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Times tough for info security guards

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Cyber attack protest in South KoreaWith all the cyberscare stories about North Korea making headlines these days, the last place you might expect to see job losses is among information security workers.

However, a survey by UK recruiters Barclay Simpson says the number of IT security professionals looking for work has risen 17 percent so far this year, even as the number of new positions has fallen by 57 percent.

“The market has been swollen by candidates whose contracts have come to an end and permanent staff who have been made redundant and are making themselves available for both permanent and contract work,” the report finds

Hardest hit are more senior and managerial roles, the survey finds, while junior roles are less affected.

Unemployment – at least it’s not 25%

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Northern Trust’s Paul Kasriel has sent around some nice charts that put the state of U.S. joblessness in perspective. Glass half-empty types will be scared silly by the straight line up on the jobless rate while the optimists will take comfort in the fact that we’re still far from the Depression’s high point of around 25%.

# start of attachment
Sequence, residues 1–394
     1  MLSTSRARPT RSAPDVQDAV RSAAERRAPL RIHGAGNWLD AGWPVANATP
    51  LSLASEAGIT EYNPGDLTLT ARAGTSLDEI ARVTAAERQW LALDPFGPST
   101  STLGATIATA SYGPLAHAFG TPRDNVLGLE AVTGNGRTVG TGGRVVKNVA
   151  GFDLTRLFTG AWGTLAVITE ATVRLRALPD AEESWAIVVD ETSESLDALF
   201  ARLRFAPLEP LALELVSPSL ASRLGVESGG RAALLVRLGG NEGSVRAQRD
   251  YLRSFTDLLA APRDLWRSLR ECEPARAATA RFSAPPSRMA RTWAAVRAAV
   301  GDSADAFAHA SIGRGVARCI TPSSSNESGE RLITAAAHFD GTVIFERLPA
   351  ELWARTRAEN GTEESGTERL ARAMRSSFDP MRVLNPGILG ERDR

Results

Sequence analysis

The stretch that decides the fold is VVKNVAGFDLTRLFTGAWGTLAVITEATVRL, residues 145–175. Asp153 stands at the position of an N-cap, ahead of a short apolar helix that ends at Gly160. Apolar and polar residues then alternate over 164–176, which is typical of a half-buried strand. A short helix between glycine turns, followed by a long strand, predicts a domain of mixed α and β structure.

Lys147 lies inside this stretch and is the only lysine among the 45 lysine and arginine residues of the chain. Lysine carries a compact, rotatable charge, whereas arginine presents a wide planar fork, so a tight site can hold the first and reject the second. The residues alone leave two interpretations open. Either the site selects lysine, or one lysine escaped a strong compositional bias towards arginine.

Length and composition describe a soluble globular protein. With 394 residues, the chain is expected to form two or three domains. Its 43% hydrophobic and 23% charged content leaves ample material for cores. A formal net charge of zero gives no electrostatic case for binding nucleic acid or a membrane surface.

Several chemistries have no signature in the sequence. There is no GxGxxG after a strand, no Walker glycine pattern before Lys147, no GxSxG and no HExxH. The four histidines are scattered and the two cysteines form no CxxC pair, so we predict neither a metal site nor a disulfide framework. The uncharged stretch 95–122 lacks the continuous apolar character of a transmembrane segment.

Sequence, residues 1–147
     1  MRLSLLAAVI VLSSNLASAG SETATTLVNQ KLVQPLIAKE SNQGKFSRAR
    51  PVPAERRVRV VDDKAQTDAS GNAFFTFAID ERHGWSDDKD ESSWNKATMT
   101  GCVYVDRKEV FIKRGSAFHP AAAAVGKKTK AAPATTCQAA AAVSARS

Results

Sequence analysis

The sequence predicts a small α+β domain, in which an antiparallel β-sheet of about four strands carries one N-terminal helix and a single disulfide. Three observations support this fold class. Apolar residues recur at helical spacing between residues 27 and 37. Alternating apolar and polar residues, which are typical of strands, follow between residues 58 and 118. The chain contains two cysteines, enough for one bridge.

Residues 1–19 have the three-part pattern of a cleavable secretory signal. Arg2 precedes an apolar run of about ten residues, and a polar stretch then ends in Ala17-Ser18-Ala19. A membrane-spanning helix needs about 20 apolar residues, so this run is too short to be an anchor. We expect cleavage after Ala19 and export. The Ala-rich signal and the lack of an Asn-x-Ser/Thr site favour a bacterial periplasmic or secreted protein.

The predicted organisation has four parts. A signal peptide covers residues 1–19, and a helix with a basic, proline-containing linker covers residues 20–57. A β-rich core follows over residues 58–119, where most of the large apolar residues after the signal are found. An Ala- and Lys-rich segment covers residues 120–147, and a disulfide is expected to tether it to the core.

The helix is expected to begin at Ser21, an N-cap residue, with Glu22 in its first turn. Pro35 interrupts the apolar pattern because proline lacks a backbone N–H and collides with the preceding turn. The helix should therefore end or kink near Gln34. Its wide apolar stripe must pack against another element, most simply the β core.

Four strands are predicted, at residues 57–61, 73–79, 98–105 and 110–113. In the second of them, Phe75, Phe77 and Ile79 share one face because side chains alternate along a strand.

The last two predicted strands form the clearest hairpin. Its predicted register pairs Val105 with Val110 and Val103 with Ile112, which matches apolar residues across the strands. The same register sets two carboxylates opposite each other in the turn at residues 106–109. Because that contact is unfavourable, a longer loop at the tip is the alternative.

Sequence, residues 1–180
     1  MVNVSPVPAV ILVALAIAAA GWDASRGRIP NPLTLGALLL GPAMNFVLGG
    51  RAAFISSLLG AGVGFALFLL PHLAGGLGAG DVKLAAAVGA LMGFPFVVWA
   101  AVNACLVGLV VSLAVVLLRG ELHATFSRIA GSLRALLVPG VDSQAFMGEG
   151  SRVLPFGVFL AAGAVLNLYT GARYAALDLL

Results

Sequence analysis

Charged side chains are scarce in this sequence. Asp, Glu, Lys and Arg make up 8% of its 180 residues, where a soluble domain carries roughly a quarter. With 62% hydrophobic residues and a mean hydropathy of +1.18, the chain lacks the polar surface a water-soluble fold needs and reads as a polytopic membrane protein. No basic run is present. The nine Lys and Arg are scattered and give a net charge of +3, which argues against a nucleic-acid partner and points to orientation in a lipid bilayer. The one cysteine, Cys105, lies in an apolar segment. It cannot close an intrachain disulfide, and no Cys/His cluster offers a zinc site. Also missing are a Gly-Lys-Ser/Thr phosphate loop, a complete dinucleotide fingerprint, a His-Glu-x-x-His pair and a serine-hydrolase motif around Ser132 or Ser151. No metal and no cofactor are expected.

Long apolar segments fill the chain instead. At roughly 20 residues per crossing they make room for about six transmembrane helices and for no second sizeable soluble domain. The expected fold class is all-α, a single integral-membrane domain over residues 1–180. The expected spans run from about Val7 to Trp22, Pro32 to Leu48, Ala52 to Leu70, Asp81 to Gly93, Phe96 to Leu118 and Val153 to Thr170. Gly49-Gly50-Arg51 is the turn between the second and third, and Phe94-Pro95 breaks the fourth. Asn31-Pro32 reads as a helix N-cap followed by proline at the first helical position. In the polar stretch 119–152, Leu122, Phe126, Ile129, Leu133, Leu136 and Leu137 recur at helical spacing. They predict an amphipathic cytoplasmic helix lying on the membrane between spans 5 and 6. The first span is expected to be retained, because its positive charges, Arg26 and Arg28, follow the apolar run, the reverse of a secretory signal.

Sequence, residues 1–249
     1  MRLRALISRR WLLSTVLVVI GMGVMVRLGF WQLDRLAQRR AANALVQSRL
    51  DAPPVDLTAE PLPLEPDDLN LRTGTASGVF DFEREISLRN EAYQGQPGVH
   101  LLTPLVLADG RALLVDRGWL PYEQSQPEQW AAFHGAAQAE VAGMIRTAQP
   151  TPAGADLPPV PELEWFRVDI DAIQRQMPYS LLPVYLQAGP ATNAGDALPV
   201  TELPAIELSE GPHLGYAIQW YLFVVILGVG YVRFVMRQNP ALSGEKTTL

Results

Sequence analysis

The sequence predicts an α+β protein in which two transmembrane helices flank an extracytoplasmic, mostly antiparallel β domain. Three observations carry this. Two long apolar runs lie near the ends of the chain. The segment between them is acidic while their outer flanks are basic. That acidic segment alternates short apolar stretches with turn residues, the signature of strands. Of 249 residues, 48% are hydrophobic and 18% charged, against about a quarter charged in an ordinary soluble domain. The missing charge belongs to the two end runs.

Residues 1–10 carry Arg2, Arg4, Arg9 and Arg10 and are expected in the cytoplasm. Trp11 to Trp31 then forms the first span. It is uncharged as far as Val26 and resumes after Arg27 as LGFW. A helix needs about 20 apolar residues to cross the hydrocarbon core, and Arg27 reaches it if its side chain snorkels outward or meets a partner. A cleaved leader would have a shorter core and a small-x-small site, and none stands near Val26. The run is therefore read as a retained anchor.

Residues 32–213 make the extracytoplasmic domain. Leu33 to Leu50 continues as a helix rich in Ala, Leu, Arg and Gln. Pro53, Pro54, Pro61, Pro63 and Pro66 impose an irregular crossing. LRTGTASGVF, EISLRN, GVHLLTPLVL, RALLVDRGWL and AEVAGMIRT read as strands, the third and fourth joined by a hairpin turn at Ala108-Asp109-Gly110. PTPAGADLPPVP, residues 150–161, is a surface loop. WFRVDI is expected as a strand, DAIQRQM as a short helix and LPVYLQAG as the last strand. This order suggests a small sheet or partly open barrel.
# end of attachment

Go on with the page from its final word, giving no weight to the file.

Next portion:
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This is scary but not as horrifying as this.

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Business (class) is grim for British Airways

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british-airwaysFewer people are “flying the flag” these days.

And British Airways is feeling the pinch — particularly in business class.

The carrier’s latest figures show BA carried 3.8 percent fewer passengers in June than last year, with most of the fall in premium class seats, where traffic dropped by nearly 15 percent.

The negative feedback loop

Another month, another dismal jobs report from the U.S. Labor Department. It’s hard not to gulp when you see another 467K jobs lost this month. And an unemployment rate of 9.5% isn’t exactly heartwarming.

The jobs report certainly has its detractors who say it’s not the best indicator to watch when you’re looking for signs of recovery since it lags turning points in the economy. But given the role of the U.S. consumer, who has driven the economy out of previous recessions, the rapid fire deterioration in the labor market is likely to create a negative feedback loop.

Gloomy employment milestones

There is normally something for both optimists and pessimists in the monthly employment report.

When the payroll figures are disappointing, the unemployment rate is frequently better than expected. This month is no exception. While payrolls plunged by nearly half a million, unemployment barely budged.

Job losses still ginormous

ADP this morning came out with its survey of joblessess, reporting that private sector nonfarm payrolls dropped by 473K in June, but noted that losses originally reported in May and April were slightly less than had been originally reported.

Some may take this as a reason to celebrate since -473K marks another month showing a slowdown in job losses since they hit their peak at -736K in March. But 473K jobs lost in a single month, especially given the blood letting we’ve seen since the nosedive in financial markets in September, is still impressive, and worrying.

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